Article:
Turn Right at Machu Picchu
This is a good, fun book about rediscovering the Lost City of the Incas. Mark Adams, no relation, tells an engaging story that intersects his experience with that of Hiram Bingham, the American explorer who brought Machu Picchu’s exceptional beauty to the world’s attention. Adams weaves the stories together well, telling how Bingham came to investigate the lost world of Peru, and then telling his own story of being led through this mountainous and forested region, investigating and discovering areas on his own. It’s a good book, and makes me want to travel and see Machu Picchu; I definitely recommend it for those interested in a fun, true story of sublime beauty and amazing archaeology.
Adams worked for travel companies and magazines for years, and ultimately found this idea and trip as a way to get out from behind the computer and do some actual reporting and storytelling. He found a guide, John Sievers, an Australian who had lived in the Peruvian hillsides for decades and knew the region just about as well as anyone. They followed the same walking path that Bingham had followed, exploring each mountain and creek while interspersing the story with actual notes from Bingham’s travels. They visited a wide range of sites, and sourced information from many different travelers from that area, spanning the 1500s through the 20th century. Adams tells about how the Incas were slaughtered by the Spaniards, and those remaining retreated into the mountains where Spanish troops had difficulty pursuing them. He describes walking those same paths, and of learning that you should wear two pairs of socks when hiking downhill, due to the force of landing on your feet so many times in a row. He talks about amazing views, star-filled skies, and the incredible precision of Incan construction — parallel, perhaps, to the precision of Egypt’s pyramids. Adams describes the alignment of buildings to match the sun’s path, and that specific lines of intent are clear on the solstices. He is in awe of their complexity, and it seems incredible that such an advanced civilization simply disappeared.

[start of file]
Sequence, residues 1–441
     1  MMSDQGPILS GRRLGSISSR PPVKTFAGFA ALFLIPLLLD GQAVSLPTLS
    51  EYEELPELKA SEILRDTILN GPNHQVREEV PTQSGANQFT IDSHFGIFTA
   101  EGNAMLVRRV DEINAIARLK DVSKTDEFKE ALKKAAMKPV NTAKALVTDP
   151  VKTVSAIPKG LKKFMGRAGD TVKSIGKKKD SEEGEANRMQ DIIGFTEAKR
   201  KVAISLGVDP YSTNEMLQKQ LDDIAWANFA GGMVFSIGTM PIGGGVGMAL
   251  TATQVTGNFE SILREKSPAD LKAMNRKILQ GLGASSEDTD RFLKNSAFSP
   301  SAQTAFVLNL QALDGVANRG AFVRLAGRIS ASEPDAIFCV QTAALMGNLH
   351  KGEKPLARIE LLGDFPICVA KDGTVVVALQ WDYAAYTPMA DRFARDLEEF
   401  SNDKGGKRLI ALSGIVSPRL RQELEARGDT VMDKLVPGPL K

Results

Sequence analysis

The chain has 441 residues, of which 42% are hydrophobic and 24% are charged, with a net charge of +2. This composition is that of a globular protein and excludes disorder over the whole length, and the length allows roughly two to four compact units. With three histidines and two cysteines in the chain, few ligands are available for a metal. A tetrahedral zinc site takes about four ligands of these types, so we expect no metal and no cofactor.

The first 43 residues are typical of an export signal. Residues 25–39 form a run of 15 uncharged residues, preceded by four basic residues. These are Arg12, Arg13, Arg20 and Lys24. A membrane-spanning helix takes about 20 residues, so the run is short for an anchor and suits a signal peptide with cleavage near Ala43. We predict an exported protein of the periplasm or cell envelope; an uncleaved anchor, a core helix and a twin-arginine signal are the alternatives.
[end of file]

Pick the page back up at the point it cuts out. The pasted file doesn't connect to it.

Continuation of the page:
The book is enjoyable, and following the path of both Bingham as well as Adams is fun. I’m happy to have read the book, and it definitely piqued my interest to begin traveling again soon. Hopefully, as my children grow up and are more capable of traveling well (without diapers, naps, or tantrums), we can begin seeing the amazing sights of the world and I can instill them a tremendous appreciation for the size and vastness of our world, to say nothing of the universe beyond.